Thanks so much for your newsletters and updates. Meg and I certainly understand where you are in language learning. The Lord has placed 1,000s of refugees in our laps–just here in our little town, not to mention the 100s of thousands north of us about 75 miles away. How can we focus only on language, and not help these that have lost so much, especially those down the street?

    So, we learn new vocabularies. One vocabulary for things of war, like the difference between a bomb, a missile and a mortar (that’s how many lost their homes or limbs). The difference between a pistol, rifle and machine gun (therefore the bullet wounds). And so on. We do this so that we can understand their stories, which they want to tell us. In some way, they know that we love them, and they just need someone to talk to who will listen. Some of these words are in our Arabic study. Most are not. All the words are needed in our conversations.

    As you said, Team Expansion wants us to be fluent so that our ministry isn’t hampered long-term by language deficiencies. However, I figure that the route the Lord is taking us is just–different. Not better, not worse. Just not the one we envisioned when we arrived to focus on Arabic. I figure we are on the 2-year program (give or take 5 years–you do the math).

    May the Lord continue to bless you and keep you; grant you favor among the people and in their heart language. And give you His Peace.

    Much Love–Dan & Meg

    • Wow, Dan, thanks for those thoughts. Many of the “experienced missionaries” I talked about in the newsletter actually learned Khmer while serving here years ago, doing intense relief work. Some of them even worked with Cambodian refugees. They’re my heroes, just like ya’ll.

      Our discussion about Team Expansion’s language requirements was aimed at our friends and supporters who might be wondering what in the world we’re doing. After all, haven’t we been here a year already?! : ) It wasn’t meant to be a treatise on how all cross-cultural workers should do the same thing in the same way all the time. God knows he’s got all of us on a different path, for sure.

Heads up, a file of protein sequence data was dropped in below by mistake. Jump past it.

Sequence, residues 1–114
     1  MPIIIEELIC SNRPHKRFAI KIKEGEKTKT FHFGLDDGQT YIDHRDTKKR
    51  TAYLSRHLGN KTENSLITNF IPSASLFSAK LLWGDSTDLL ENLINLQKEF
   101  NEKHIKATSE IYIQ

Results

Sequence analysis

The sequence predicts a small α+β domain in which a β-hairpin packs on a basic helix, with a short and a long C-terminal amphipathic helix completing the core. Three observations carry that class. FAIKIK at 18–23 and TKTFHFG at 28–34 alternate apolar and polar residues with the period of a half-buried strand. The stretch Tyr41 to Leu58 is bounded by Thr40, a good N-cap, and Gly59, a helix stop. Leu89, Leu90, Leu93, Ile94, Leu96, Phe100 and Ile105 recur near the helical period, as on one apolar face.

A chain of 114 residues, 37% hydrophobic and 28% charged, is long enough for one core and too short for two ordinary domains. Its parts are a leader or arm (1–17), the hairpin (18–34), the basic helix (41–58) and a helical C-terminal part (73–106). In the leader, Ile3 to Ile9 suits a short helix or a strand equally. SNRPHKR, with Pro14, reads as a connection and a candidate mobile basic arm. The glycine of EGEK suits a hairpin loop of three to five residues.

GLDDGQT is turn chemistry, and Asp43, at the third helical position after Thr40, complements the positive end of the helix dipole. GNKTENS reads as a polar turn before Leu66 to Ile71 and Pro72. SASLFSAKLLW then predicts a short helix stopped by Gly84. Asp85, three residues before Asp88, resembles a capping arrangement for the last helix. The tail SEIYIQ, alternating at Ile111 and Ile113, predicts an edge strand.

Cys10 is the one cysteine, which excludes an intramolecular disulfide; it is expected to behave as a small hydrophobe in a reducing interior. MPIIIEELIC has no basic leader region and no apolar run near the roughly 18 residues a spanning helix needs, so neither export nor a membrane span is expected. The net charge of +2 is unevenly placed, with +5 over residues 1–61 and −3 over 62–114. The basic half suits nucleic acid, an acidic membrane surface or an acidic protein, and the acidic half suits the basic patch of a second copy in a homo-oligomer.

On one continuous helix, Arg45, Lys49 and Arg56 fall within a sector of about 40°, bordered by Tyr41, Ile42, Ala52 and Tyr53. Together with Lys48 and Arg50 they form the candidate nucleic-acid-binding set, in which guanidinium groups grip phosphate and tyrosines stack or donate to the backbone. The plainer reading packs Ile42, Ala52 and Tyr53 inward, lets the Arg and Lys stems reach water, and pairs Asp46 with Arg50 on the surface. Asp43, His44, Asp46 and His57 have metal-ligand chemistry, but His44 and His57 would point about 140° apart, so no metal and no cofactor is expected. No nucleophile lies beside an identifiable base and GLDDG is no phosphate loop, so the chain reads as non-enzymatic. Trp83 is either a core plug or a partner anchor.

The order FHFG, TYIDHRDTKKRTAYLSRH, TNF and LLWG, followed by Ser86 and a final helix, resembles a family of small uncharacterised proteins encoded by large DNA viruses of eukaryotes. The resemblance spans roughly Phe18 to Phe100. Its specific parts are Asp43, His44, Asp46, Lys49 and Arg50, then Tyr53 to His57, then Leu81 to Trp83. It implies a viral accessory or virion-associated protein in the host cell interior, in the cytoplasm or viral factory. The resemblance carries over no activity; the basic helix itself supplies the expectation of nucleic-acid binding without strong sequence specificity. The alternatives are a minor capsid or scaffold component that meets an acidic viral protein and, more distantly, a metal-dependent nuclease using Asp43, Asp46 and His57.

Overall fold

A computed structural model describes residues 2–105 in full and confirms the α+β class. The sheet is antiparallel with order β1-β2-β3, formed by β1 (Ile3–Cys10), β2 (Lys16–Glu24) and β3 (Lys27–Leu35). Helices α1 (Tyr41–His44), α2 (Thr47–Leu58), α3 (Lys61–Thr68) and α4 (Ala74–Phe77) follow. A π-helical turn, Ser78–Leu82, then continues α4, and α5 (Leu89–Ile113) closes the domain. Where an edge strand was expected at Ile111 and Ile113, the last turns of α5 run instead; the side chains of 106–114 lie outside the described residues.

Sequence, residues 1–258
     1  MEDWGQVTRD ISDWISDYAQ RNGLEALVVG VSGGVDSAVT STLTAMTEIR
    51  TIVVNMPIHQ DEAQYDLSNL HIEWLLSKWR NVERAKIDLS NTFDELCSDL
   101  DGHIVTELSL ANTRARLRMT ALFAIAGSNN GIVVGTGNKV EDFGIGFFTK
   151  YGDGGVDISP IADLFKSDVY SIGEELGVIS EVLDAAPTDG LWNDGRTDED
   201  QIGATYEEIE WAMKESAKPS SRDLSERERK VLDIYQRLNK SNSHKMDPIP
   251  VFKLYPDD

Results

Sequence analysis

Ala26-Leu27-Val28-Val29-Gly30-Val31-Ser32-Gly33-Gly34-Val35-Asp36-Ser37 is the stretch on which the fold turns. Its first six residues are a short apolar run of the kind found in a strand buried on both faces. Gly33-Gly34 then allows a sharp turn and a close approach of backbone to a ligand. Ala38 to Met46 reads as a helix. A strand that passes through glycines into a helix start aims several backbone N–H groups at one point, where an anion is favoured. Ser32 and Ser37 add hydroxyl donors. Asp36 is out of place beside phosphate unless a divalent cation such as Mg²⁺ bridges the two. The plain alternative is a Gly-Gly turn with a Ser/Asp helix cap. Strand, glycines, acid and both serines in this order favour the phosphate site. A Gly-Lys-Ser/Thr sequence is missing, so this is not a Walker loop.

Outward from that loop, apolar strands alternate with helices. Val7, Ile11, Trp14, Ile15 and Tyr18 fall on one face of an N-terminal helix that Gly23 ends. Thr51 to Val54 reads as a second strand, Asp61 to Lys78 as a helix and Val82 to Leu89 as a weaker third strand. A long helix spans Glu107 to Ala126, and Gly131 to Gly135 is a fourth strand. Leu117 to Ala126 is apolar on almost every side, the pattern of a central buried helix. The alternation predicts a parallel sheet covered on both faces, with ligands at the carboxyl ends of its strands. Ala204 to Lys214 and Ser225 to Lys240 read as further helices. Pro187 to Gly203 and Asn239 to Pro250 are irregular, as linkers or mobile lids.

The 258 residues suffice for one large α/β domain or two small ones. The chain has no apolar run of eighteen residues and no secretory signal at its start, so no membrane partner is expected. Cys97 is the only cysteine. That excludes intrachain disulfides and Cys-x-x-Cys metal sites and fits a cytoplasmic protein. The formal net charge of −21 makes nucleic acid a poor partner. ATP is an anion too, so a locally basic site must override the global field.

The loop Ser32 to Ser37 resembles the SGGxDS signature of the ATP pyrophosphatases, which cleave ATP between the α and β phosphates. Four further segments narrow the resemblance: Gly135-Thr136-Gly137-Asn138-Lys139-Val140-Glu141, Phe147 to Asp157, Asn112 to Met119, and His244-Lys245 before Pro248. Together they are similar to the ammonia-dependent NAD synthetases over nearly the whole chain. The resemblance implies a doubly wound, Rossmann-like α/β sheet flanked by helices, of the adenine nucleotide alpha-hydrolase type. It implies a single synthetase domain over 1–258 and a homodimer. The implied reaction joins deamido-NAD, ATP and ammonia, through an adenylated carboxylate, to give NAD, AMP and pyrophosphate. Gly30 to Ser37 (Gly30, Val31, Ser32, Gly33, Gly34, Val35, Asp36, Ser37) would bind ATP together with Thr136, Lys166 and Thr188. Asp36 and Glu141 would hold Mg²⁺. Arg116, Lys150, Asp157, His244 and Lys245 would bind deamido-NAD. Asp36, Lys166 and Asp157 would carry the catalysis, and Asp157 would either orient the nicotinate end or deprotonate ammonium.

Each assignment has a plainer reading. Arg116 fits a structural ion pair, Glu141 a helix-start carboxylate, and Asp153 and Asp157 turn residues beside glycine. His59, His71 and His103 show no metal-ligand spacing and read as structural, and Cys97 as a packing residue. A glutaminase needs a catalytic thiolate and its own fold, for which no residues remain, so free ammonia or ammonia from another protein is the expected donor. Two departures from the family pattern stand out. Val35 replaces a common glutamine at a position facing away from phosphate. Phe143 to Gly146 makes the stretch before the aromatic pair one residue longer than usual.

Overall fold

Props to you for following hard after God, in a difficult place and in a terrible situation.

      For Christ Alone,

      • Hey Jonathan –

        I hope I didn’t come across negatively (although I can see how it might have now after I wrote it). I was just thinking about how language learning never seems to go exactly how we ‘plan’ it. Ha! I’ve heard the same from others as well.

        The fact is that the Lord has us (all of us) here (or there) for His purposes at this time. That means–for us–that we have to adjust to His plans, instead of our own. So, instead of studying Arabic 40 hours a week, we get to study it for 20-25 hours a week, and spend the rest of the time trying to use it with the Syrian refugees. For you, His plans play out differently.

        In a perfect world, we would all already know enough of the heart languages to whom we are sent to be able to speak the Good News plainly to them. The fact is that the Lord rarely sends anyone with that ability in advance. He has to work on us–get us to rely solely upon Him in our new homes–while we are learning language and culture. He equips those whom He calls. I reminded one of our teammates recently that if we can’t explain the Good News to a 4-year old, then we still have alot of work to do. It keeps us focused.

        The fact is that I read about all that you, Elizabeth and your family are doing, and am glad that it is y’all who are in Cambodia and not us. So I am thankful the Lord has us here in the Arab world, where He just ‘happened’ to place our focus people group in our city, albeit through ways we could have never imagined. Praise be to our Lord God, whose ways are so much higher than our ways, and His thoughts higher than our thoughts!

        Please give our love to your family. For His Glory–Dan & Meg

  2. I have a little bit from Moses on my office wall… “But how in the world, God?!” (It’s paraphrased a bit.) I imagine God smiling a bit, leaning in, and calmly answering, “I will be with you.”

    Thanks for all the encouragement, Dan! May we be so consumed with a passion for the King that we are satisfied by nothing else.

    all for ONE,